A proteomic and transcriptomic comparative analysis of the venoms of three Atheris species (A. squamigera, A. nitschei and A. chlorechis) was carried out by size exclusion liquid chromatography, gel electrophoresis, mass spectrometry, and mRNA sequencing. The improved proteomic profiling utilised in this work was combined with transcript studies, advancing our insights into venom composition, protein distribution and inter-species variation among the three bush vipers. Crude venoms of all three samples contained at least 10–20 protein components, ranging in size from ≤ 3 to > 98 kDa. Both approaches yielded converging overall information, pointing to phospholipases, disintegrins, serine proteases and metalloproteases as the major toxin classes, which are likely to explain the local and systemic symptoms observed in envenomation by Atheris genus. Being considered as the main factors involved in the distinct venom-induced pathologies, these identified snake venom proteins are of particular interest in terms of understanding their physiological and biological function as well as for their contribution in potential medical treatments.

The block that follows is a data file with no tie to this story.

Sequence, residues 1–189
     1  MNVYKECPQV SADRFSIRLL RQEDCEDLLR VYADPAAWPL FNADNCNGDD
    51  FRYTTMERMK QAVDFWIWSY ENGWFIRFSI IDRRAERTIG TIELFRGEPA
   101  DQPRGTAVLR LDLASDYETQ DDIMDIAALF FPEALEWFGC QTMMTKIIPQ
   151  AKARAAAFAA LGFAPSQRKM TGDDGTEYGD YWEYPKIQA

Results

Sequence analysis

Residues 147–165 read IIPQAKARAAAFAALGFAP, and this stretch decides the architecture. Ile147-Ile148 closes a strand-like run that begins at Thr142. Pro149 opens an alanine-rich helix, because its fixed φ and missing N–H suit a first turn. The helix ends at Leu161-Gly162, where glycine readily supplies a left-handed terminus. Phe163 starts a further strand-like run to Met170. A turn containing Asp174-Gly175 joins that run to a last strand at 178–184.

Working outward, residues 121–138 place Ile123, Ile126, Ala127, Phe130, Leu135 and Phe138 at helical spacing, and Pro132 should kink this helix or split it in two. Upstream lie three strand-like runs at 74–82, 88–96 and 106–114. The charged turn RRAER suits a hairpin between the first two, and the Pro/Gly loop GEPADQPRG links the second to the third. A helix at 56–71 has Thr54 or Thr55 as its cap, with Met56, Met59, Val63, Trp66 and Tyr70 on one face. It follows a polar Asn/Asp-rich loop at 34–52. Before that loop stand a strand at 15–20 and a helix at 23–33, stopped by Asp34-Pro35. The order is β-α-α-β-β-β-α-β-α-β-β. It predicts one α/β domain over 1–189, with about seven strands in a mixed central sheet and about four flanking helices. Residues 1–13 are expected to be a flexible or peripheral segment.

Sodium dodecyl sulfate polyacrylamide gel electrophoresis
Size exclusion chromatography
Switching Mechanism At 5′ end of RNA Transcript
Snake venom metalloproteinases
Snake venom serine proteinases
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The project was kindly supported by the Science Foundation of Education Department of Fujian Province, China (Grant No. JAT160247), the Young Talent Project of Health Department of Fujian Province, China (Grant No. 2017-1-69) and the Joint Funds for the innovation of science and Technology, Fujian province (Grant No. 2016Y9048).
Compliance with Ethical Standards
Conflict of interest
The authors declare that they have no conflict of interest.
All applicable international, national, and/or institutional guidelines for the care and use of animals were followed.
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